Researchers have explored the pathomechanism of ASD over the past few decades in order to discover novel and more effective therapeutic targets. Although the pathogenesis of ASD is not fully understood, the consensus is that the cause of ASD is multifactorial, including genetic factors, environmental factors, parental factors, perinatal factors, and maternal autoimmune disease. Recently, animal models and integrated relevant studies have proposed that genetic factors, environmental factors, innate immune dysfunction and maternal autoimmunity contribute to the pathomechanism of ASD (31, 32). ASD is highly heritable and has been found to be linked to hundreds of diverse genetic polymorphisms. Numerous novel ASD-associated genetics variants have been identified by Genome Wide Association Studies (GWAS) (33, 34). The convergence of many different genetic etiologies may be involved in the disruption of intracellular signaling of MET receptor tyrosine kinases (RTKs), which play a crucial role in the signaling system, as they modulate neuronal growth, facilitate functional maturation, and establish effective brain circuits, especially in the brain regions that help to govern advanced cognitive abilities, social competence, and executive functioning (9, 35). However, the phenomenon of phenotypic heterogeneity with common functional variants in ASD children has been observed, and hence researchers speculated that gene mutations alone might be insufficient to contribute to all symptoms of ASD, though they may increase the risk in genetically susceptible individuals. More recently, the concept of maternal immune activation (MIA) has been proposed. MIA is thought to affect fetal neurodevelopment through inflammatory and epigenetic mechanisms, and ultimately leads to the development of ASD in children. Moreover, MIA is triggered by genetic mutation, environmental factors, maternal acute and systemic chronic inflammation, which includes genetic, smoking, obesity, gestational diabetes, pre-eclampsia, depression, psychosocial stress, pollution, low socioeconomic status, asthma, and autoimmune diseases (20). According to Peng et al. (35), there are several ASD-associated genes that encode components of the immune system. One of the associated genes is the human leukocyte antigen (HLA) genes, which are located on chromosome 6 and have been found involved in immune dysfunction and autoimmune diseases. It also plays a role in neural cell interactions, synaptic function, cerebral hemispheric, specialization, central nervous system (CNS) development and even neurological disorders. Based on a substantial body of evidence suggesting that the immune system contributes to the development of ASD in specific individuals, several studies were subsequently conducted to investigate the relationship between the HLA gene and ASD, revealing a strong genetic association with the disorder. Especially that strong associations were identified in Class I region HLA- A2, class II region DRβ1*04 allele, DRβ1*11-DQβ1*07, class III region C4B null allele (36, 37). Besides, Lee et al. found that boys diagnosed with autism, as well as their mothers, exhibited a notably higher prevalence of HLA-DR4 compared to the normal control group. This suggests that maternal-fetal immune interactions could potentially influence fetal brain development and, consequently, lead to autism (38). The other well-studied immune genes strongly associated with ASD is MET, as mentioned above. The MET gene encodes for hepatocyte growth factor receptors, which promote differentiation and proliferation of hematopoietic cells and exert broad anti-inflammatory effects (35). A reduced expression of the MET gene in the temporal lobe was found in a post-mortem transcriptome analysis of individuals with ASD (39) and MRI imaging revealed reduced structural and functional connections in the temporoparietal lobes of individuals with ASD with the MET variant (40). Animal models and several epidemiological studies have demonstrated maternal factors, such as exposure to pollution, obesity, stress, asthma, and infection, result in behavioral and transcriptional changes in offspring, through cytokine signaling mechanisms mediated by the placenta (4144).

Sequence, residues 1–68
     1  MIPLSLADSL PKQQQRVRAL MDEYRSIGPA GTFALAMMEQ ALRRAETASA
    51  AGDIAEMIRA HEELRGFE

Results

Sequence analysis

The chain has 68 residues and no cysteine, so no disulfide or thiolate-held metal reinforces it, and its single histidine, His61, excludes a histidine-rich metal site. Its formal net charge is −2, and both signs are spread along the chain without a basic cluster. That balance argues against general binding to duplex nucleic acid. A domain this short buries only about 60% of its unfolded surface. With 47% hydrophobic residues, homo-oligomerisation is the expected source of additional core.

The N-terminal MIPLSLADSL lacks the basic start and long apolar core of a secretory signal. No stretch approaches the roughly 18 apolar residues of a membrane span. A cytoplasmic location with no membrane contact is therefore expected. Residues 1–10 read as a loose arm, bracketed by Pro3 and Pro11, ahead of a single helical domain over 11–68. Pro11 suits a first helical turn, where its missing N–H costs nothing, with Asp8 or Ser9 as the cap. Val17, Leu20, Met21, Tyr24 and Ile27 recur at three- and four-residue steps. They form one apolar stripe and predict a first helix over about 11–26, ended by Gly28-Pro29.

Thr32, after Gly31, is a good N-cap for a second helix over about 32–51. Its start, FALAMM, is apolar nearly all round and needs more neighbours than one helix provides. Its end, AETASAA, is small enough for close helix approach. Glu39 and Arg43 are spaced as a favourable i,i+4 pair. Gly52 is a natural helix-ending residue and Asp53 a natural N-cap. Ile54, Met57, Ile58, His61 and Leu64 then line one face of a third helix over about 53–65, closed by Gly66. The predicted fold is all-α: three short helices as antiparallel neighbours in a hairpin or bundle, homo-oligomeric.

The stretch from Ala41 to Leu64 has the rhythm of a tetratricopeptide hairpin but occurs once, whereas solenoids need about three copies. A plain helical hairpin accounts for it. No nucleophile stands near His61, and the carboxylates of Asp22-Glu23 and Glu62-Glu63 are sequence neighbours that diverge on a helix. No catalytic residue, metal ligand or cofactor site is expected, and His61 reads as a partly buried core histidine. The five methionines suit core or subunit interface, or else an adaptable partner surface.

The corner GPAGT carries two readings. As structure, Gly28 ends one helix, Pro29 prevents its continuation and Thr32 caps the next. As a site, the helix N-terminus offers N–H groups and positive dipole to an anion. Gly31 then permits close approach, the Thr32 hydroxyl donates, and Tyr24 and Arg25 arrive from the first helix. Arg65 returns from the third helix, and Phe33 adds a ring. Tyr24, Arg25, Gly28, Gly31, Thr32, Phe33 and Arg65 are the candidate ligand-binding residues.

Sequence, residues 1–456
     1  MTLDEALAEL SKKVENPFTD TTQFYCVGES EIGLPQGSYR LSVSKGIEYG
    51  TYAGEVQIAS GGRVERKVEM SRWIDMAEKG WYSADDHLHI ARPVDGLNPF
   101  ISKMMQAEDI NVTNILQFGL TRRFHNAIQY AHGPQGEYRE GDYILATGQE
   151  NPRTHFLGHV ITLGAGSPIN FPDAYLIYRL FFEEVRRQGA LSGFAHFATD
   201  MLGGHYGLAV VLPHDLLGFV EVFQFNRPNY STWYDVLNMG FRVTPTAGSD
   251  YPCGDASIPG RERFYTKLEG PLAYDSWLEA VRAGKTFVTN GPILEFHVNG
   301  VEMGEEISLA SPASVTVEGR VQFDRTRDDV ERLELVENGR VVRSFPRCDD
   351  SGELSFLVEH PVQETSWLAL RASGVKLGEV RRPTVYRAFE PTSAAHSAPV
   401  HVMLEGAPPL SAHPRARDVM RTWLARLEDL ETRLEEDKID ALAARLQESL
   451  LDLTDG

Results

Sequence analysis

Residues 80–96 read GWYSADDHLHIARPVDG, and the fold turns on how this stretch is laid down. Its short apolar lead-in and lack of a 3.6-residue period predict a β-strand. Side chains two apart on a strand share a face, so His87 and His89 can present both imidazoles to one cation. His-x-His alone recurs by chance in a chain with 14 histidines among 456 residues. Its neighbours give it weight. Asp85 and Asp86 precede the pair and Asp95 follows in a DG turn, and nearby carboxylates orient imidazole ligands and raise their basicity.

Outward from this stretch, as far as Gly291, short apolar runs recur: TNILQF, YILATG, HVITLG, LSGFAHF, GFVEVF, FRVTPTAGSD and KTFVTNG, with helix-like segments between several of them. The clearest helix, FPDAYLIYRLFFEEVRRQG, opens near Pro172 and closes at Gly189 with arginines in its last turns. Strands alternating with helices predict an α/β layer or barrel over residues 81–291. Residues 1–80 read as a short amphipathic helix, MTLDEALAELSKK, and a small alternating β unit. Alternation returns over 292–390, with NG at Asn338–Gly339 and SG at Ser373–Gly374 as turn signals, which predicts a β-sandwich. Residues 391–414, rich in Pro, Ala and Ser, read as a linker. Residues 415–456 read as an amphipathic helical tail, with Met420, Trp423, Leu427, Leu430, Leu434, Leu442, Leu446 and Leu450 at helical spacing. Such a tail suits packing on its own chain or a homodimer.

As for maternal autoimmune disease, MIA in the prenatal and early post-natal periods also plays a crucial role, comprising multiple pathways, in the development of ASD in offspring. It has been suggested that mothers with autoimmune disease harbor much more brain-reactive antibodies and antibodies could be transmitted to the fetus passively through the placenta. Evidence supporting this hypothesis has been found in animal model studies and large cohort studies conducted by Brimberg et al. (45). Theoretically, fetal brain-reactive antibodies or proinflammatory cytokine released while mother was infected during pregnancy would lead to the activation of maternal TH17 cells. These activated TH17 cells would affect placenta function and causes damage. It allows the antibodies and cytokines to pass through to the developing fetus and reach the fetal brain during early gestation as the blood–brain barrier (BBB) is immature until the postnatal period (46). Most importantly, these fetal brain-reactive antibodies would be triggered by specific protein antigens in the fetal brain. This interaction could ultimately affect fetal neurodevelopment because these proteins, such as lactate dehydrogenase A and B (LDH-A and LDH-B), collapsing response mediator proteins 1 and 2 (CRMP1 and CRMP2), and stress-induced phosphoprotein 1 (STIP1), are involved in different aspects of the neuronal function (4749). Evidence from several experimental animal model studies shows that transplacental passage of fetal brain-reactive antibodies increase the risk of developing ASD. In the studies, pregnant mice and Rhesus monkeys were injected with anti-brain IgG antibodies from the mothers of children with ASD and the behaviors of their offspring were then observed (5052). Another mechanism of greater risk of ASD in offspring that has been proposed involves increased levels of maternal pro-inflammatory cytokines, induced by viral or bacterial infections (MIA), during the gestational period. Taken together, the findings of several animal model and cohort studies have demonstrated that overexpression of cytokines IL-6, IL-17, and IL-1β in the developing brain could lead to redundant inflammation, dysfunction of microglial activation in the brain, and abnormal cortical development, phenomena that closely resemble the changes found in ASD patients (53, 54).